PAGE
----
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Joanne massaged the insides of his legs to relieve the gaskin muscles…and into the flank area. Since we do regular “imprint” touching with him all over his body, he was less touchy in these areas than he might have been otherwise and actually enjoyed the relief she provided for him in these areas.

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Then it was on to the withers, shoulder and neck…

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…but when she began massaging his face, he was in pure ecstasy!!! Roll continues to improve and we are hopeful for a reasonable recovery. Thank you all for your prayers and support!

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Newest Arrival at Chilly Pepper: Miracle Mustang!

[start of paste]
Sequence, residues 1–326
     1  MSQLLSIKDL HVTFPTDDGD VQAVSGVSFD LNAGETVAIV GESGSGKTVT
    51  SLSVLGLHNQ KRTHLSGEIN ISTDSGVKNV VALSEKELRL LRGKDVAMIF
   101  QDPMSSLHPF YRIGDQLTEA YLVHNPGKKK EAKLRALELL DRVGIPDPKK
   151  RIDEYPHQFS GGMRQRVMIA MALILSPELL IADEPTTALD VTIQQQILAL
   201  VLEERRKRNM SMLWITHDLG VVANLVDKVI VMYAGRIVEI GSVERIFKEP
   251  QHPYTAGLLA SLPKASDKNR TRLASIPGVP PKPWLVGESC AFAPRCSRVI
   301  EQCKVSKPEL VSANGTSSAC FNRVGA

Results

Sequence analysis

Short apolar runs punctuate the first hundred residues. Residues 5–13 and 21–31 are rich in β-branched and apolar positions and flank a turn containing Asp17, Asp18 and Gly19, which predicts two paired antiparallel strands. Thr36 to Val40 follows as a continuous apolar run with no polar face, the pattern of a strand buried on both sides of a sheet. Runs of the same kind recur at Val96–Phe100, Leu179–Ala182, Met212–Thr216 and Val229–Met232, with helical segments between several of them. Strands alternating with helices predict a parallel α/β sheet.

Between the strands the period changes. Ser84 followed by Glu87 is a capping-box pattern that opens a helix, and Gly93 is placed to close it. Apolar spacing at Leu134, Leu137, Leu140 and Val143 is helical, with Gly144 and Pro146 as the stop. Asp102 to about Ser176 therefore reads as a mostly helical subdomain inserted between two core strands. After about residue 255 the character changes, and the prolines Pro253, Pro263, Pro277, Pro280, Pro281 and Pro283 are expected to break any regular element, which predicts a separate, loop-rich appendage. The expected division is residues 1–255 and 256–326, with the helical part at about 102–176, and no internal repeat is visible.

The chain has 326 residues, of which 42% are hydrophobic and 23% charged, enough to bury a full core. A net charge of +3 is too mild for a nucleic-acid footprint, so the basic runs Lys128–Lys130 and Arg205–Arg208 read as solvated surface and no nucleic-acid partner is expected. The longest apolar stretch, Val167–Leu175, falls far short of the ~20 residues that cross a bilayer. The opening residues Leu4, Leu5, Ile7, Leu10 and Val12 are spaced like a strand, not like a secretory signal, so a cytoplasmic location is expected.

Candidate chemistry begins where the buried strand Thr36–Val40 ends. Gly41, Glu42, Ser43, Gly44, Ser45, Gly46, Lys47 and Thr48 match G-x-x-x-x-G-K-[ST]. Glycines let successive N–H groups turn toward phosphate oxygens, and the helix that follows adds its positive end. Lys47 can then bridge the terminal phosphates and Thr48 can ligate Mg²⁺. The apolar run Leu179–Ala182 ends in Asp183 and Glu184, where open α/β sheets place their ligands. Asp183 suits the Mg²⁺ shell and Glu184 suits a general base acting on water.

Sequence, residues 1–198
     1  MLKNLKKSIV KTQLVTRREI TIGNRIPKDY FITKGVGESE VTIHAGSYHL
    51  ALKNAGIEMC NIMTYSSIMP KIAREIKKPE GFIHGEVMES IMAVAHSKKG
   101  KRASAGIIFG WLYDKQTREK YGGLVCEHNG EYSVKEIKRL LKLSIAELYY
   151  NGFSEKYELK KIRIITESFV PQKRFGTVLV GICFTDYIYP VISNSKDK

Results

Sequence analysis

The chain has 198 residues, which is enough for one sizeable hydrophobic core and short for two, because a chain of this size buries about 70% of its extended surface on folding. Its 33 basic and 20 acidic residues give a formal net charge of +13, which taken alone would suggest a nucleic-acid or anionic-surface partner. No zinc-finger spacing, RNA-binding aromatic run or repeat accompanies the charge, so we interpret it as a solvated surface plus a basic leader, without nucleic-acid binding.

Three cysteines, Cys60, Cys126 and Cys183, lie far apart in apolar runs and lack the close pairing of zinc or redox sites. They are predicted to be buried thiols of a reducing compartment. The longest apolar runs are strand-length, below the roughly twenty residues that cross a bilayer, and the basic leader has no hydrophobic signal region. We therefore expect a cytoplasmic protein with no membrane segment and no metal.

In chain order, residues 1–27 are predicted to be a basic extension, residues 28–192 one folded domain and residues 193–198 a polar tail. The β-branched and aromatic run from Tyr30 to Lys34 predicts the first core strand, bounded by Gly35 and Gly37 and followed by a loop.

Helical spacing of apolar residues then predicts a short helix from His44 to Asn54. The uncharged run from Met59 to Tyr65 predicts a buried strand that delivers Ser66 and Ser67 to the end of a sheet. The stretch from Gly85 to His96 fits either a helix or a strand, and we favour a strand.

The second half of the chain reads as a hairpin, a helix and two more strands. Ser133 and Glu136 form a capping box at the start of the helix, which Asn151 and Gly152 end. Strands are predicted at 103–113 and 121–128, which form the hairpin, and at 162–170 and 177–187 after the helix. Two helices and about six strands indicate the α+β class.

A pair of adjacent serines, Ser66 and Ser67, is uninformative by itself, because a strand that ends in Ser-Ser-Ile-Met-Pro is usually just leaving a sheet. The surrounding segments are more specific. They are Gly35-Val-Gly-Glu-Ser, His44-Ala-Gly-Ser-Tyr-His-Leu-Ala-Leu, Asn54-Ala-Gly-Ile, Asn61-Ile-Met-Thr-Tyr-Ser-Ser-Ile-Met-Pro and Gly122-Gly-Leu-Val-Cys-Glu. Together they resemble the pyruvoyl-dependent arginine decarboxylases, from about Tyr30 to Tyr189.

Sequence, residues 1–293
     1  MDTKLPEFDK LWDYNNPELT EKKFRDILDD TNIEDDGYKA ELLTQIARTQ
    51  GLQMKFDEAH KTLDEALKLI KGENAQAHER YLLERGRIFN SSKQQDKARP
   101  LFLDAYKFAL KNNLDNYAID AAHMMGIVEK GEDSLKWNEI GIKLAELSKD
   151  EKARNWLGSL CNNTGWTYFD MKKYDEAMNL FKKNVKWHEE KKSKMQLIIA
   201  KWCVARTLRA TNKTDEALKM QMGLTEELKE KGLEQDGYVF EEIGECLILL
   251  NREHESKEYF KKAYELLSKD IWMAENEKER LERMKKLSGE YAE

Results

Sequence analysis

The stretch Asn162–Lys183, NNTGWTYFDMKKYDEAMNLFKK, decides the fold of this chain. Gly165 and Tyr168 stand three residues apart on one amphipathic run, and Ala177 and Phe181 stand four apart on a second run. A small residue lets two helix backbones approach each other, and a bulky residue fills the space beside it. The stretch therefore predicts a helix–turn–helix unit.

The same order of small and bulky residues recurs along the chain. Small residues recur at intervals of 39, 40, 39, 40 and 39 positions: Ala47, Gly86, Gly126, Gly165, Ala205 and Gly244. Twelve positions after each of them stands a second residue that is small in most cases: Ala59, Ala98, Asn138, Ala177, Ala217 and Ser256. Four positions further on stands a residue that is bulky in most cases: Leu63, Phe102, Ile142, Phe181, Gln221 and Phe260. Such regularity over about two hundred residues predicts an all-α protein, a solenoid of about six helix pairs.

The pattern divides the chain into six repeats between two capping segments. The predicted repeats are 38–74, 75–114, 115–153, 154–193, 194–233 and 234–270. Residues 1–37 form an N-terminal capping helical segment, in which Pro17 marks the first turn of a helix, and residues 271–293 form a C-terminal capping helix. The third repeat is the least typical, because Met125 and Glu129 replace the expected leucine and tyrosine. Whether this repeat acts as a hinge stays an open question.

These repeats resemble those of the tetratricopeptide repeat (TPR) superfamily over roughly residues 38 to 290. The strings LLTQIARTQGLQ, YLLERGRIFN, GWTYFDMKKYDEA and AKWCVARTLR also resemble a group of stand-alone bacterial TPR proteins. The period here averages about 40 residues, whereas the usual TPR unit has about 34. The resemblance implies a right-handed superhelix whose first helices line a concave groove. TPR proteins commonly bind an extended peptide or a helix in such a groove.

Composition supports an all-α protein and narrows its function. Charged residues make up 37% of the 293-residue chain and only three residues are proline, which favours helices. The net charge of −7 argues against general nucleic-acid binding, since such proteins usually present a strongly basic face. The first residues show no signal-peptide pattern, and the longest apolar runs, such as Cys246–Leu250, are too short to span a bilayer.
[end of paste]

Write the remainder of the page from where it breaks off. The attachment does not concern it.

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The following post comes from Chilly Pepper Equine Rescue.

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As I write this, I am remembering how quickly you get “baby brain”. The time when your brain turns to mush from lack of sleep.

Wow – it seems like the Rolling Foal Hospital never stops. We are so very pleased to be able to let folks know just how important this trailer is, and that it is constantly being used to save the lives of our beloved horses.

We left last Tuesday to take Seanna, Cicero and Go Go Boots to their new home in Idaho. We had to meet with Doc on Wednesday in NV to procure the proper paperwork and off we went.

We arrived to a stunning property and an amazing woman waiting for the babies. God has once again blessed us with the help we needed for these young horses. They have a wonderful place with a river, many streams, a clean and clear pond and wild life all around. They have space and will have folks to continue their training.